British Parliamentarians Form New Centrist Group NPR's Scott Simon talks to U.K. Member of Parliament Chris Leslie about his recent decision to leave the Labour Party. Leslie has criticized the party's leadership over its handling of Brexit.
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British Parliamentarians Form New Centrist Group

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British Parliamentarians Form New Centrist Group

British Parliamentarians Form New Centrist Group

British Parliamentarians Form New Centrist Group

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NPR's Scott Simon talks to U.K. Member of Parliament Chris Leslie about his recent decision to leave the Labour Party. Leslie has criticized the party's leadership over its handling of Brexit.

SCOTT SIMON, HOST:

Brexit is just weeks away, but Britain's government still can't agree on how Britain will exit the European Union. And now several members of Parliament - so far, 11 - have exited both the Conservative and Labour parties in recent days to form a new centrist political faction called the Independent Group. Chris Leslie, a former member of Labour, an MP for Nottingham East, is part of this group and joins us. Mr. Leslie, thanks so much for being with us.

CHRIS LESLIE: Oh, thank you for having me.

SIMON: And why did you leave Labour?

LESLIE: Well, I mean, these are political parties in the U.K. that have been existing for many, many decades. And I've been in the Labour Party for over 30 years. And so it's been very heartbreaking, actually. A bit like in other parts of the world, the grip of populism has taken some of our traditional parties a little bit more to what you might call the political edges, the fringes, a little bit more on the extreme. And it's left a big vacuum in the mainstream middle ground of politics.

SIMON: Yeah. Well, you seem especially put out with Jeremy Corbyn's leadership.

LESLIE: Yeah. And it's not just about the individual character of Jeremy Corbyn, although there are issues there as well. What happened when Labour lost one of the general elections back in 2015 - I think people were so despondent that they fell into the kind of comfort zone of what you might call traditional, more hard-left politics where there's a sort of purity that people were seeking rather than the sort of difficult decision-making that you have to do in terms of balancing priorities. And that meant that many of us MPs, members of Parliament, who'd been around were under threat, were finding the culture within the Labour Party quite intolerant and abusive. Anti-Semitism started rearing its head because on the left in the U.K., there's a very anti-West, anti-Israel, anti-American sentiment. And this was massively depressing to many of us. So we just felt enough was enough, and that's why we left.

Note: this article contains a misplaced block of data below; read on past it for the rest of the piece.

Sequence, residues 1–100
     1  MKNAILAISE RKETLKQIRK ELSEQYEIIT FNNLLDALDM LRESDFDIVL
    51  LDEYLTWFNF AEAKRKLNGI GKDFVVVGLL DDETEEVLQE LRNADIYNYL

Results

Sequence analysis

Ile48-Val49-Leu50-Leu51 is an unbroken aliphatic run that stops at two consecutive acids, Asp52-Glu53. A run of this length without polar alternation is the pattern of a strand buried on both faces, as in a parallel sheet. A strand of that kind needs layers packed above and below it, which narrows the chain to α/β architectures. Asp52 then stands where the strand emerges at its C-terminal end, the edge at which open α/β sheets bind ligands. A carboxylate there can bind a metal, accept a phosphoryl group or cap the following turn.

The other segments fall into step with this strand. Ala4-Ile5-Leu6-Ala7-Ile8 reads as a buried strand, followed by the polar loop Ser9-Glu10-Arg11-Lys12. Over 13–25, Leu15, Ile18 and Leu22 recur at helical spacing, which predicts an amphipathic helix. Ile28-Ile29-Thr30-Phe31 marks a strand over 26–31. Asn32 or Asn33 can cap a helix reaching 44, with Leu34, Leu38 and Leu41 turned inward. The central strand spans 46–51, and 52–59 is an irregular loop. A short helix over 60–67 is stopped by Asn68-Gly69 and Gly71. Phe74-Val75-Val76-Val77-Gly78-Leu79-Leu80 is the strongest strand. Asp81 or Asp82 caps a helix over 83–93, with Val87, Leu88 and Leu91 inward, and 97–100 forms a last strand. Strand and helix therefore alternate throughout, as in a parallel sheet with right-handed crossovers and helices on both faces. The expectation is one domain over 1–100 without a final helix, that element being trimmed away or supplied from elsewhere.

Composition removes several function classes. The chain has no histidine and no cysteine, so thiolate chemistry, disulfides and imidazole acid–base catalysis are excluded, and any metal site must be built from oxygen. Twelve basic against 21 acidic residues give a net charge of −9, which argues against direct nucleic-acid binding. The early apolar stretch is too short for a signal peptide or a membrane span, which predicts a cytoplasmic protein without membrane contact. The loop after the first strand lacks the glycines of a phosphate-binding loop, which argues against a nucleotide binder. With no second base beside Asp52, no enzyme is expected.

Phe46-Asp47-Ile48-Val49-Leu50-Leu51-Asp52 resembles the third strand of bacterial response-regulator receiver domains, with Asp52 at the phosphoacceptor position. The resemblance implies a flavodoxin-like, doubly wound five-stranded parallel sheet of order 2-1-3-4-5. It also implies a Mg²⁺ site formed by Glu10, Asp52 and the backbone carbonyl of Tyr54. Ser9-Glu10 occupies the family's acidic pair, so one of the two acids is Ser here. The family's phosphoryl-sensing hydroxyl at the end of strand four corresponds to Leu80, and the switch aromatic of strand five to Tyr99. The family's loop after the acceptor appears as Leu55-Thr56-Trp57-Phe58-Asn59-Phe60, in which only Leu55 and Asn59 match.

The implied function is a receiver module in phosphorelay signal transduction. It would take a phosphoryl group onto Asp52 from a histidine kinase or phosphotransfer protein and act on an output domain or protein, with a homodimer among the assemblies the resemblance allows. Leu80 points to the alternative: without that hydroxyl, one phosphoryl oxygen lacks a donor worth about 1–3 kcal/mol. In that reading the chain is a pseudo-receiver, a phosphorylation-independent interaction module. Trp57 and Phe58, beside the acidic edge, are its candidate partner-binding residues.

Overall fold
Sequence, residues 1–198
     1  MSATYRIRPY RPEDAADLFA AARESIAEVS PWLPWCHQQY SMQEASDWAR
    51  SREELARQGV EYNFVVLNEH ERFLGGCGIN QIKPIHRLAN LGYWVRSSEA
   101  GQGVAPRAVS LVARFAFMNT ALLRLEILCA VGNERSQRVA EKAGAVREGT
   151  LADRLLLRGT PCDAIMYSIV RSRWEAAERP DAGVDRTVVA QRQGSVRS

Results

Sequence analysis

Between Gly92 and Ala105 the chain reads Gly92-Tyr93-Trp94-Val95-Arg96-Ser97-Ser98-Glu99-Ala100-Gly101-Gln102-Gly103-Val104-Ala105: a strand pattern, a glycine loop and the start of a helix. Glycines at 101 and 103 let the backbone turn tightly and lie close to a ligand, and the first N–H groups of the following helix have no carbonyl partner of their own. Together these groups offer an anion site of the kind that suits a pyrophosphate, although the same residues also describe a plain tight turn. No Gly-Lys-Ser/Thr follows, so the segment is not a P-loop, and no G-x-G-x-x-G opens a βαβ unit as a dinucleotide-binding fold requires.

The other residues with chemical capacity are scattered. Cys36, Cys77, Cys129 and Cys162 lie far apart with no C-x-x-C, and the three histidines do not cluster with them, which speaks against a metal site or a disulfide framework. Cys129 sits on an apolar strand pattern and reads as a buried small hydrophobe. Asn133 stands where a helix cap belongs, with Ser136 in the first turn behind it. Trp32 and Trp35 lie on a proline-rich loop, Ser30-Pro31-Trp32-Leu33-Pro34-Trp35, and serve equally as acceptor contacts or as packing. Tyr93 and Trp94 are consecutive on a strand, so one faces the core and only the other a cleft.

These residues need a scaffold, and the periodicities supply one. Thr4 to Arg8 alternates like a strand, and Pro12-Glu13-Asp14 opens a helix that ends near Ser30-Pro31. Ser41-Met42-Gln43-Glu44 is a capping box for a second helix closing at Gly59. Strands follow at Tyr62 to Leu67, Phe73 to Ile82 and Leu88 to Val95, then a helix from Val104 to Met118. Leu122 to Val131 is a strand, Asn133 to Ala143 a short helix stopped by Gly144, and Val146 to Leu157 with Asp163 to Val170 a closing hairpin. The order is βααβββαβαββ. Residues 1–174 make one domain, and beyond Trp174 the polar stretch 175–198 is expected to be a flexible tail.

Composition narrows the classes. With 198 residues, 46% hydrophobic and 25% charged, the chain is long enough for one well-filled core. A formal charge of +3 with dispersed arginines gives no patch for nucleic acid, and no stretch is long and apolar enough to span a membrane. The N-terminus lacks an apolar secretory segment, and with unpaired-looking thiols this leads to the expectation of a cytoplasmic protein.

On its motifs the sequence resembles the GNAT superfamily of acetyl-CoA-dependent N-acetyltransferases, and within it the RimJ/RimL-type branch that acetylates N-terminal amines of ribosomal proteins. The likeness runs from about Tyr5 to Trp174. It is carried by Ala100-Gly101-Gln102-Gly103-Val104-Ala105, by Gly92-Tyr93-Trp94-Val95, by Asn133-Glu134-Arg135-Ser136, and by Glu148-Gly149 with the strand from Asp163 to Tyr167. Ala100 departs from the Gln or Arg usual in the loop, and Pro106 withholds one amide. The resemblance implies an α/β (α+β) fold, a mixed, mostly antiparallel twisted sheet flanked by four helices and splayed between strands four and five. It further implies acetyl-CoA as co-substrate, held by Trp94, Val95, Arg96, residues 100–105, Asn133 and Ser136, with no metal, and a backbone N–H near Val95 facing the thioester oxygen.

SIMON: How will the Independent Group handle the Brexit process?

LESLIE: Well, we are really worried about Brexit as a disaster, which will affect the livelihoods and the jobs of our constituents. So the idea that you can cut yourself off from the global economy, that you will end up with new tariff barriers, that you won't be able to move goods freely across the nearest neighboring countries - we've had such a great relationship with the European Union. In the last 40 years, that's really benefited our economy. And so if you suddenly put barriers around that - also maybe even jeopardizing the peace process in Northern Ireland because you're putting a new barrier there - this could be politically and economically disastrous. And we will try our best to say, let the people of Britain have a fresh decision; if they want to back out of Brexit, they should be allowed to do that.

SIMON: But there's already been one referendum on Brexit. Do you risk defying democracy if you force a second referendum? 'Cause it seems like you just want referendums until you get a result you like.

LESLIE: Well, my own advice to my constituents and many of the people in Britain - and the polling even shows this - is that they are now very worried and very wary of what Brexit would do now that they've seen the actual facts, now that they know what it would entail. And so I think it's a bit like a doctor in a, you know, surgery sort of going back to the patient just at the right moment, saying, can I have your informed consent; are you sure you want to proceed with this? And I think so, too, with Brexit, we should give the public a say in whether they really want to proceed knowing that it will make our economy poorer and that there will be job losses as a result. That's all we're looking for, I think. But sadly, the main political parties haven't had the guts and the bravery to offer that to the public. And that's one of the reasons I couldn't continue in the Labour Party.

SIMON: Charles Leslie (ph), a member of Parliament and a member of the Independent Group. Thanks so much for being with us.

LESLIE: Thank you.

(SOUNDBITE OF DIDO SONG, "GIRL WHO GOT AWAY")

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